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The Diagnostic Spinal Tap

[+] Article and Author Information

▸Requests for reprints should be addressed to Linda Johnson White; Division of Scientific Activities, Health and Public Policy Committee, American College of Physicians, 4200 Pine Street; Philadelphia, PA 19104.


© 1986 American College of PhysiciansAmerican College of Physicians


Ann Intern Med. 1986;104(6):880-885. doi:10.7326/0003-4819-104-6-880
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This excerpt has been provided in the absence of an abstract.

Since its description in the late 1800s (1, 2), the spinal tap, or lumbar puncture, has become a mainstay of neurologic diagnosis. As with other body fluids, examination of the cerebrospinal fluid has a number of applications. Because only a few applications yield a precise diagnosis, the lumbar puncture is most useful when cerebrospinal fluid patterns are related to clinical findings.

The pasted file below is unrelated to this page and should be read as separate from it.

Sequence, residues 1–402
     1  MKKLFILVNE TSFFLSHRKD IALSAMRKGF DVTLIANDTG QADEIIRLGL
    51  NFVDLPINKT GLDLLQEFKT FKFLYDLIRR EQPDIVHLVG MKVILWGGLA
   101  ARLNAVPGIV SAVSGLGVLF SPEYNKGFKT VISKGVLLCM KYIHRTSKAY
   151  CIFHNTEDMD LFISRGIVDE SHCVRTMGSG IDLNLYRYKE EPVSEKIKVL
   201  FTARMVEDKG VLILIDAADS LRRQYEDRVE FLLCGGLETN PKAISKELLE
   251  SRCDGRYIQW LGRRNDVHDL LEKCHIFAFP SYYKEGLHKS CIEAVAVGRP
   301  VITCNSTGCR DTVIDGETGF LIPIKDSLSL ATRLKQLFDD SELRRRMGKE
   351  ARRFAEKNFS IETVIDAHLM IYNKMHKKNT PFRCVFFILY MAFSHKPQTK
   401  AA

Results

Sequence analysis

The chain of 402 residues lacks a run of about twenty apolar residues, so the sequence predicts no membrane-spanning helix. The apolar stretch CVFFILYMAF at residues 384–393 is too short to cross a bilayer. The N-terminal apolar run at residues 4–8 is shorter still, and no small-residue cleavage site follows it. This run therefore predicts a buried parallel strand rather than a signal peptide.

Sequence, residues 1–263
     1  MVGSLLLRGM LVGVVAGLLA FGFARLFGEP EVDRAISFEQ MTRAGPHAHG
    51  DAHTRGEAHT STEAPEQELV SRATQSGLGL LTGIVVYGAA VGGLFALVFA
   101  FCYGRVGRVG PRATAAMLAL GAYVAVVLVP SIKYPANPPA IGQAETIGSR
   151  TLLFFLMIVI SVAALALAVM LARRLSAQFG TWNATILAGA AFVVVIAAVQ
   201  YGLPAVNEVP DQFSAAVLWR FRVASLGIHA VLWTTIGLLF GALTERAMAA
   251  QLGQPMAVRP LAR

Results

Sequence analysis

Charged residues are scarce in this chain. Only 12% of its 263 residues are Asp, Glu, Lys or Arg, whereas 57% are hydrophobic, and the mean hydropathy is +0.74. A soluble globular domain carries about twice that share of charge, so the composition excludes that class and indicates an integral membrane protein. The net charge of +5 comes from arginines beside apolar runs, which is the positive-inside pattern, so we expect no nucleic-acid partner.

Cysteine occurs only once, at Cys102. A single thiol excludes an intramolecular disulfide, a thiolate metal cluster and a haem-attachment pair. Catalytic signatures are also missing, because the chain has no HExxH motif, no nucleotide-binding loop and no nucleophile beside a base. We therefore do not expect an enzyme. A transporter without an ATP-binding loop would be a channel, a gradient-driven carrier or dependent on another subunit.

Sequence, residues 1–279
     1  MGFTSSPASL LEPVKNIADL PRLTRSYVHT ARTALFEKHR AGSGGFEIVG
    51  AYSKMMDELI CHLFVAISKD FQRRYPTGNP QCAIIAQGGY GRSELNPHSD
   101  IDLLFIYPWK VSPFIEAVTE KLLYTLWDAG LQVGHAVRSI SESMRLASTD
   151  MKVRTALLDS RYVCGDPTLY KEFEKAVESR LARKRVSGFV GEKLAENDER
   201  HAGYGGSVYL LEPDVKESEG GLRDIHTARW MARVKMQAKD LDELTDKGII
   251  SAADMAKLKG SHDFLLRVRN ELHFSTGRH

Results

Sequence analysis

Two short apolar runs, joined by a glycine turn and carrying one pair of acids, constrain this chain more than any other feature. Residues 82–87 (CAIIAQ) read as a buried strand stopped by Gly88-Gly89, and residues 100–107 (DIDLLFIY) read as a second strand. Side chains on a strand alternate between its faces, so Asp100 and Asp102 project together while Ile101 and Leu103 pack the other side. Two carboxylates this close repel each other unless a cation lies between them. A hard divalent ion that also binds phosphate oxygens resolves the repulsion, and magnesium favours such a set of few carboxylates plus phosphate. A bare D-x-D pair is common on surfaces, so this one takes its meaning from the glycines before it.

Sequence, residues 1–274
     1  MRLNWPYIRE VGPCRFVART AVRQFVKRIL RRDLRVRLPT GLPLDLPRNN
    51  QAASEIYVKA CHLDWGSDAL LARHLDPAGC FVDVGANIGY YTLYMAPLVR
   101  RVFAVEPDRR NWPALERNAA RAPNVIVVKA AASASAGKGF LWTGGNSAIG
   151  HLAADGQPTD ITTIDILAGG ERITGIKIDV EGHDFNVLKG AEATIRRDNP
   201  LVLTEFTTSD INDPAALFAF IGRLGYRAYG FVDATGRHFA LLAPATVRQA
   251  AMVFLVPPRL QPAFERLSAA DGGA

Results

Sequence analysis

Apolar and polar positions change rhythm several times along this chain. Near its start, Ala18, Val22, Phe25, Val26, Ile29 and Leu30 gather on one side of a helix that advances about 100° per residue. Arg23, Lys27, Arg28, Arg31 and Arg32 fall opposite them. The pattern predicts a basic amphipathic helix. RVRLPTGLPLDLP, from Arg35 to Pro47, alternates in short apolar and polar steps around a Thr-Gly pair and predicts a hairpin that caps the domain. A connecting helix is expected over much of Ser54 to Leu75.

The basic techniques for doing the lumbar puncture have been well described (3, 4) and include several important components. Patient reassurance and proper positioning are important. The most commonly used cerebrospinal fluid tests include cell count (both total

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